Managing E-Learning Project Timelines

Project Management forms a key job description when it comes to instructional design (ID). Not only we need to develop a training that is at par with the learners’/ clients’ expectations, we often don the cap of a time-keeper and need to handle the resource allocation efficiently. Over past few years I have had awesome opportunity to hone my skills in this field, and I think that it is time to note it down before it gets buried under new experiences and ideas.

Although this is a vast domain in itself, I will concise my views within the scope of basic steps, which when adhered to forms a strong foundation of a better managed e-learning project. So without further ado, let’s jump in right away!

1. Learning from the past:

The first step of any project management begins at the end of the previous one. We can only plan for the future by gaining experience from the past. I usually keep tabs and notes on every curve ball I faced on my previous projects. These range from resource allocation conflicts, deviations in cost estimations and so on and so forth.

The underlying idea is to dissect the project that has just completed, to answer the following questions:

  • What went well at each stage of the project?
  • Can we repeat it again?
  • What went unexpected at each stage of project?
  • What efforts can we put in to cut the unexpected risks?

Remember, a dedicated Project Manager may go into a little detail and isolate various parameters thread by thread. But since we are sticking to the basics, these questions may suffice the risk mitigation in future projects.

2. Communicating effectively:

A good project management always thrives on a transparent and effective communication. Every day we have to communicate project related updates to various stakeholders such as developers, reporting and functional managers, subject matter experts, client point of contact and so on.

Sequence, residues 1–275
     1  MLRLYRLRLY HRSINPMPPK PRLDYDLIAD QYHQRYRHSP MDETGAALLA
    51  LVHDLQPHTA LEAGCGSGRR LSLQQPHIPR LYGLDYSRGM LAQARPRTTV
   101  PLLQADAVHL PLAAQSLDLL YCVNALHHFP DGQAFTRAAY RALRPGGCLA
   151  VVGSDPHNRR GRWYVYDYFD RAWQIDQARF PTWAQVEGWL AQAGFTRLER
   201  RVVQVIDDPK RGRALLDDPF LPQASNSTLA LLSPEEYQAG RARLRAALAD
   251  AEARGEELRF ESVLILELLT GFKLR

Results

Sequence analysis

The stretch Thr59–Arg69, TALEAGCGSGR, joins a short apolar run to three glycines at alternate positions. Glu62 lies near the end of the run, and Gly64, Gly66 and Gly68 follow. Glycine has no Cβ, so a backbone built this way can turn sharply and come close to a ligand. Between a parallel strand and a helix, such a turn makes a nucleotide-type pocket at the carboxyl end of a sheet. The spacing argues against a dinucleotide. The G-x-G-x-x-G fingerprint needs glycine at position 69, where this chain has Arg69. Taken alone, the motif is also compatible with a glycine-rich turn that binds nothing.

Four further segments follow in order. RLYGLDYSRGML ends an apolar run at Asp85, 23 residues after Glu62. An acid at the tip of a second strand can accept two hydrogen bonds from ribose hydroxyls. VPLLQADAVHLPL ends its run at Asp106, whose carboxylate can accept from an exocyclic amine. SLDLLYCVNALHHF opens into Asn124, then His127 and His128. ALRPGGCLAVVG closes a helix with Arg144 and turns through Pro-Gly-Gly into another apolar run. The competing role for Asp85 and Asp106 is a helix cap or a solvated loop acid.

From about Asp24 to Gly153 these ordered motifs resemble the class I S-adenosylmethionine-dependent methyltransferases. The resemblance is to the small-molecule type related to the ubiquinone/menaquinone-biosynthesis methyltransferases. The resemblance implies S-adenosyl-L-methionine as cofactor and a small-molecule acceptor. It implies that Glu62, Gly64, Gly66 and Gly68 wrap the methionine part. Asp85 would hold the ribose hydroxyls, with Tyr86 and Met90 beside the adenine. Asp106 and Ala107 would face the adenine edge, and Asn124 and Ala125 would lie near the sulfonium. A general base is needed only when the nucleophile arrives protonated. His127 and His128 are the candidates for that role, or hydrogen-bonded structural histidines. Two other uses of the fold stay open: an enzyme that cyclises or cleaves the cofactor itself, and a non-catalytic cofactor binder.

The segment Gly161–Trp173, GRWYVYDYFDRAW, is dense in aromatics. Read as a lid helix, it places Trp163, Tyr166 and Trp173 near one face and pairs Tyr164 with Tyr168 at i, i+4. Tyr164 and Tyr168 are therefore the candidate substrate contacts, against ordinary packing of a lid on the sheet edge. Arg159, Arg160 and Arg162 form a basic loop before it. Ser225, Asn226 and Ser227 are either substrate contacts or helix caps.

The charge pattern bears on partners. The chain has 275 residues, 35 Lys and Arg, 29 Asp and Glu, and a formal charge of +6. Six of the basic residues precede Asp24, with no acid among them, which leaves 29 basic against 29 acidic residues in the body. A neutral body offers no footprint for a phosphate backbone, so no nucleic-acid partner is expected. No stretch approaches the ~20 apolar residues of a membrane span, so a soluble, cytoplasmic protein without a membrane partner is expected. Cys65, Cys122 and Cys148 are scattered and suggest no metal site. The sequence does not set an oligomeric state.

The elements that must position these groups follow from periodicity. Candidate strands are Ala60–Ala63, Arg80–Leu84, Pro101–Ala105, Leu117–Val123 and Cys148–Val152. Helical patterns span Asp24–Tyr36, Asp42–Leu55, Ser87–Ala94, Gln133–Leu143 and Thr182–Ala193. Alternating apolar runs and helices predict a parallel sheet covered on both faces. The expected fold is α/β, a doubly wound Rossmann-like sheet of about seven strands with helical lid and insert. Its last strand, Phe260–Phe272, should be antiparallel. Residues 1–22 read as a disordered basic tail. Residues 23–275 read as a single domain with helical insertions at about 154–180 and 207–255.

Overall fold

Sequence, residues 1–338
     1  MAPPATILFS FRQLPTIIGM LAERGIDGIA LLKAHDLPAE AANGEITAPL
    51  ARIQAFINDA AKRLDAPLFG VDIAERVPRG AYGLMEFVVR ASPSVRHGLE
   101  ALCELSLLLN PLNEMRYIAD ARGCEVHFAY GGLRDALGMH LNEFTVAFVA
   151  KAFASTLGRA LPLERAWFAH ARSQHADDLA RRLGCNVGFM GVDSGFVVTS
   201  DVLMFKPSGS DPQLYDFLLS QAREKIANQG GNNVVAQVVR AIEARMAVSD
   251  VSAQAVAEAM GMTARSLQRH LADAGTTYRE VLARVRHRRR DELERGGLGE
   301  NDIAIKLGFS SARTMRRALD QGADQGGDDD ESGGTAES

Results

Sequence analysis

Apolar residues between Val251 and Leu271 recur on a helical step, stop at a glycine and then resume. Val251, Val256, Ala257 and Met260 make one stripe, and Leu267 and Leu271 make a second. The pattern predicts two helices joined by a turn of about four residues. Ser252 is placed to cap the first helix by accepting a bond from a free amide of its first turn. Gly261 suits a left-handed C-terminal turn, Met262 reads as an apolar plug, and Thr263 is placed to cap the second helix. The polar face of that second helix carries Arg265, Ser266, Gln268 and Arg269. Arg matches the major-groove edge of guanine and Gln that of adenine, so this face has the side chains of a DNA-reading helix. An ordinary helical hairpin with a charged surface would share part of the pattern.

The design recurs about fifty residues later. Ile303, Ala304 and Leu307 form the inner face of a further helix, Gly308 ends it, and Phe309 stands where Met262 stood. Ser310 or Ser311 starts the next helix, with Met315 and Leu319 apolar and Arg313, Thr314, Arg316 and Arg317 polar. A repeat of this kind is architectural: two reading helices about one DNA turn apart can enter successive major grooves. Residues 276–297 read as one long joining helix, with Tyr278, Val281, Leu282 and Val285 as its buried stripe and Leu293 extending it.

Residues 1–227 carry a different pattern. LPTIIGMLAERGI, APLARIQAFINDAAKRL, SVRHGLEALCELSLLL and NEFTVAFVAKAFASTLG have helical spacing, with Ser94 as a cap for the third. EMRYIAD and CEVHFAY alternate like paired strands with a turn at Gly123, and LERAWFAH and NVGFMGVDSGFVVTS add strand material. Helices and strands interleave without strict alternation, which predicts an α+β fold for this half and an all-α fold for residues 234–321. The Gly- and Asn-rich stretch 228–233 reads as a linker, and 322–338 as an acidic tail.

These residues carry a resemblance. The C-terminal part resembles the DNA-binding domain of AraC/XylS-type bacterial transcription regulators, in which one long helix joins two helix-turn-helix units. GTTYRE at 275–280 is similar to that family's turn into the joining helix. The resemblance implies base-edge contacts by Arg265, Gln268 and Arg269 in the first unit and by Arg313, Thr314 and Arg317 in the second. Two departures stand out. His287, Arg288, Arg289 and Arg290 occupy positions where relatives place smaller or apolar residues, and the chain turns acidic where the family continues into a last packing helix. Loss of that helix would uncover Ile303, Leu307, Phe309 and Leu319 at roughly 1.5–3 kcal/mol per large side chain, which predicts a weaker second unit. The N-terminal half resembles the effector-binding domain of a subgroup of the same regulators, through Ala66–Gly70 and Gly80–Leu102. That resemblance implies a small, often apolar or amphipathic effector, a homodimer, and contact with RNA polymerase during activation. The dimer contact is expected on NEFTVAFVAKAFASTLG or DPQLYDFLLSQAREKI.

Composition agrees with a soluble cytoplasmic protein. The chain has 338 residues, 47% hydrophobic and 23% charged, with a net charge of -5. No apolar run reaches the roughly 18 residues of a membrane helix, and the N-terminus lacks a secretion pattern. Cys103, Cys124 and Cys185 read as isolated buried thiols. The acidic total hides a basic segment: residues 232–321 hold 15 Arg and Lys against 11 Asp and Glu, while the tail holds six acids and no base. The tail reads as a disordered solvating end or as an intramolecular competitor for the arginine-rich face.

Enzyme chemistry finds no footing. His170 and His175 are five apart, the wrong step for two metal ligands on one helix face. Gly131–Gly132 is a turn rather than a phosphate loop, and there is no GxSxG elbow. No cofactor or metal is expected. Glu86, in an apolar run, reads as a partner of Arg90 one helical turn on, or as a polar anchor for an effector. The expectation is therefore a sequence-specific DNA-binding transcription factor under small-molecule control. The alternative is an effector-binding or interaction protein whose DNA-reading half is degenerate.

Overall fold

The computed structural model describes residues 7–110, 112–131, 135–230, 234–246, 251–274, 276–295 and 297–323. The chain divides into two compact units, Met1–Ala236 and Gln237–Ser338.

It is always a good idea to communicate the relevant information as and when it happens. I generally categorize these information into reporting and requesting.

  • A reporting information generally gives a status message on various milestones of the project. These messages are periodic, such as the end of day status report on the development.
  • A requesting information requests the recipient to act on the communication. These requests may range from issue resolution for the resource conflict, to content explanation from the subject matter expert. I generally treat such information as critical and relay them as soon as possible.

3. Estimating costs and allocating resources:

Finally, it all boils down to numbers. To estimate the costs I first create a bucket list of all the tasks and resources. Arranging the tasks together in their order of occurrence helps in estimating the resource requirements. I also count in all the review and rework iterations at each stage. It is always a good idea to add a buffer to all the critical tasks. This cushions any more requests or run time issues that we may (will) encounter during the development phase. It is also important to remember to take into account the iterations and review time that a task will need before its finalization.

You can also take help of various project management tools for the scheduling and resource allocation. This helps in minimizing task over-allocation and resource conflicts. MS Project is the leading tool in this area. I work on freeware GanttProject. You can also use Zoho projects free subscription.

4. Analyzing the scope creeps:

Scope Creep is the uncontrolled change in the project’s required output as the project progresses (Lynch, & Roecker, 2007). Since it is very difficult to analyze a scope creep before a project starts, a person who has earlier worked in similar projects/ work minimizes the risk of the deviation. For a person who is new to a project type may have a higher deviation. The best way to mitigate this risk is by:

  • Adding more resources to an activity
  • Starting independent activities earlier
  • Approving overtime for people (only as a last resort)
  • Adding an experienced overseer or consultant who has had extensive experience in similar projects

Finally, the most important factor that will help you throughout any project is a committed team. Sharing the status updates and bouncing off the issue related queries may sometimes yield an amazing and innovative approach to tackle the difficult matters.

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